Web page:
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Bipolar disorder and major depressive disorder (MDD) are two common forms of mental illness that can affect children, adolescents and adults.
According to data from the National Comorbidity Survey (NSC), an estimated 4.4 percent of all US adults experience bipolar disorder at some point in life. Depression is even more common, with an estimated 8.4 percent of all adults affected at some point in 2020, respectively.
Bipolar disorder and major depression can both produce similar symptoms. However, there are also several key differences between these two common disorders, including the most effective forms of treatment for each.
Below, we’ve explained what bipolar disorder and depression are, as well as the symptoms you may develop from each type of mental illness.
We’ve also explained how you can tell the difference between bipolar disorder and depression, as well as the steps that you can take to receive expert help if you think you may have a mood disorder or other mental health problem.
Bipolar disorder (previously referred to as manic-depressive disorder or manic depression) is a mental disorder that involves dramatic, abrupt changes in your moods, energy levels and daily function.
Although it’s normal to experience good and bad days, people with bipolar disorder often have very severe symptoms that far exceed normal mood swings or changes in energy levels.
Bipolar disorder can affect people of all ages, but it’s most common in young adults, with rates declining from 4.7 percent in people aged 18 to 29 to 0.7 percent in people 60 and older.
People with bipolar disorder typically have severe, recognizable changes in mood, energy and activity that are referred to as “mood episodes.”
Bipolar disorder may involve periods of significant elation, irritability and high levels of physical activity referred to as manic episodes. It may also involve periods of sadness, emptiness and a lack of activity referred to as depressive episodes.
If you have bipolar disorder, you may experience these changes in your thoughts, feelings and behavior, often without recognizing the impact they can have on your life and wellbeing.
During a manic episode of bipolar disorder, it’s common to:
Feel ecstatically happy or satisfied
Become irritable and oversensitive
Have a general feeling that you’re “wired”
Talk rapidly about many different topics
Feel as if you can do many things at the same time
Perceive yourself as powerful, important or extremely capable
Lose your appetite and stop eating
Feel like you don’t need to sleep
Spend money excessively or generously give to others
Engage in other risky, reckless behaviors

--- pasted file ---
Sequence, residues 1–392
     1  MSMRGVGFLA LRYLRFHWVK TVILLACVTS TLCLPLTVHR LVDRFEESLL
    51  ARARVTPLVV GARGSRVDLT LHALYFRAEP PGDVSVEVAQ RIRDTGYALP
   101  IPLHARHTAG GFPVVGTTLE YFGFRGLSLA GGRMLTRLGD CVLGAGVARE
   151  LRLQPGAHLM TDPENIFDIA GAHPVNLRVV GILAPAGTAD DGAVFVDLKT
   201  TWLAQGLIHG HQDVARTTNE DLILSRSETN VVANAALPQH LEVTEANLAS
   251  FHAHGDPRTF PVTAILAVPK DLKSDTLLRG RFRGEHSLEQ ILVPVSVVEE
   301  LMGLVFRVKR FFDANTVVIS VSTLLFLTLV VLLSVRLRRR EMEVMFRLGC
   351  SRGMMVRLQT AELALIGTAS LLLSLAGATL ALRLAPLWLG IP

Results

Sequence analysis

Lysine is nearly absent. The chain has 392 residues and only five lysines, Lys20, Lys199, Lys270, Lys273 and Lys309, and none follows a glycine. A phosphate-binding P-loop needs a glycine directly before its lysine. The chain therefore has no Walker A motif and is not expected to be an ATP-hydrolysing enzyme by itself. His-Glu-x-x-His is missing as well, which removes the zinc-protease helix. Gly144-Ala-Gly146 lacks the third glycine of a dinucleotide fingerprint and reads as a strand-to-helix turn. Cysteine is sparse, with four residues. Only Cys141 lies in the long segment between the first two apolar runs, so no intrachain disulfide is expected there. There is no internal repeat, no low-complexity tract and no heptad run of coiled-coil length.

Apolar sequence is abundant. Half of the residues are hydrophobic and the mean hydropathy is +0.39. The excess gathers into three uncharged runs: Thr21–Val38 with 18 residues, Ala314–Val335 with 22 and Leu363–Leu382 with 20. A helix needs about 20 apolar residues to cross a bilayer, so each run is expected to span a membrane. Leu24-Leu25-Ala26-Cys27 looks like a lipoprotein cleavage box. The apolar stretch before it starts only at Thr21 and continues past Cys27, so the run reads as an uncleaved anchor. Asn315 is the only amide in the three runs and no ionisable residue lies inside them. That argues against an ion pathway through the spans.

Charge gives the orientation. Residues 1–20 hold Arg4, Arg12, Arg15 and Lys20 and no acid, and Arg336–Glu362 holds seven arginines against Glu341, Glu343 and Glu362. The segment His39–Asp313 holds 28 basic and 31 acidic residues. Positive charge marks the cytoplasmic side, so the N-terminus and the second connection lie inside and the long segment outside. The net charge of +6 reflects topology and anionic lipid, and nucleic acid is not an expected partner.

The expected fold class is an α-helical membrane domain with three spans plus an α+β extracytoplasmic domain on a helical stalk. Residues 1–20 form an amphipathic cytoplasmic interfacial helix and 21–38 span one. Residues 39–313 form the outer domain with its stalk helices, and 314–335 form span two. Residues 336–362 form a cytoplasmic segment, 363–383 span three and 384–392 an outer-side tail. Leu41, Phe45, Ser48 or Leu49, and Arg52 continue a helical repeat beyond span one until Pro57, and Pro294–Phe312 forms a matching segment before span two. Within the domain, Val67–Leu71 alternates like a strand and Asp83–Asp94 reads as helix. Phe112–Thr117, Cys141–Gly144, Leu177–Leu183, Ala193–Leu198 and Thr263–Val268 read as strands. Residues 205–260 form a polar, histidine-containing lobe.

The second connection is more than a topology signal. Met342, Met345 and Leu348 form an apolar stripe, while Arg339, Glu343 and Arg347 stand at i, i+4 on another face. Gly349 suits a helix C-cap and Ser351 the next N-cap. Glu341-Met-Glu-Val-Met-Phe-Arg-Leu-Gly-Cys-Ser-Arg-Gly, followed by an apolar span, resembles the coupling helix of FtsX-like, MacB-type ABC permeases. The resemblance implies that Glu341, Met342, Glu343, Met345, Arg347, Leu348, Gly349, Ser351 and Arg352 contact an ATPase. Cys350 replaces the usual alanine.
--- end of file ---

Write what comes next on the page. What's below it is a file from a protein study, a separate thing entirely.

During a depressive episode, it’s common to:
Feel worried, hopeless or extremely sad
Find it difficult to fall asleep or stay asleep
Sleep too much and struggle to wake up
Feel as if you’re thinking and moving slower than usual
Talk slowly and feel like there’s nothing for you to talk about
Feel as if you’re unable to do anything, even simple tasks
Perceive yourself as worthless or helpless
Constantly feel hungry and eat more than usual
Lose your interest in satisfying activities, including sex
Experience thoughts of death or suicidal ideation
Experts have identified three different types of bipolar disorder:
Bipolar I disorder. This type of bipolar disorder involves manic episodes that persist for seven days or longer or severe manic symptoms that require hospitalization. It can also involve depressive episodes that may last for two weeks or longer. Some people with bipolar I disorder develop episodes of depression with mixed features (an episode of depression that also involves symptoms of mania).
Bipolar II disorder. This type of bipolar disorder involves a mix of depressive episodes and hypomanic episodes (episodes of mania that are less severe than those in people with bipolar I disorder).
Cyclothymia. This is a rare mood disorder that involves a mix of periods of hypomanic symptoms and depressive symptoms that persist for at least two years. The symptoms of cyclothymia are less extreme than those of other types of bipolar disorder.
Not everyone with bipolar disorder fits clearly into one of the above categories. When a person has a mix of symptoms that do not match the above categories, they may be defined as having “other specified and unspecified bipolar and related disorders.”
Major depressive disorder (MDD, or unipolar depression) is a common mental disorder that can have a serious negative impact on the way you think, feel and behave.
The defining symptom of depression is a persistent sad, empty or anxious mood that occurs on a daily or near-daily basis. Other symptoms of depression include:
A reduced level of interest in your hobbies, passions and other activities
Feeling as if you’re guilty of something, worthless or unable to be helped
Irritability and a “shorter fuse” when dealing with other people
A hopeless and overly pessimistic attitude towards your life
Difficulty falling asleep, staying asleep or waking up at a normal time
Decreased energy levels and a general sense of physical fatigue
Difficulty focusing on tasks, making decisions or remembering things
Changes in your appetite, eating habits and/or bodyweight
Physical aches, pains, cramps and digestive issues without an obvious cause
Slowed physical movements and/or speech patterns
Difficulty staying still and a general feeling of physical restlessness
Thoughts involving death, or suicidal thoughts and/or behavior
These symptoms may vary in severity. In order to be diagnosed with depression, you’ll generally need to have several symptoms — in addition to a poor mood — that occur either daily or almost daily over a period of at least two weeks.
In addition to major depressive disorder, there are several other forms of depression, each with different symptoms or characteristics:
Seasonal affective disorder. This is a seasonal depressive illness that can develop in winter as a result of changes in sunlight levels. It often improves as sunlight increases during spring and summer.
Persistent depressive disorder. This is a long-lasting form of depression that occurs for two years or longer, often with symptoms that vary in intensity. It’s often referred to as dysthymia.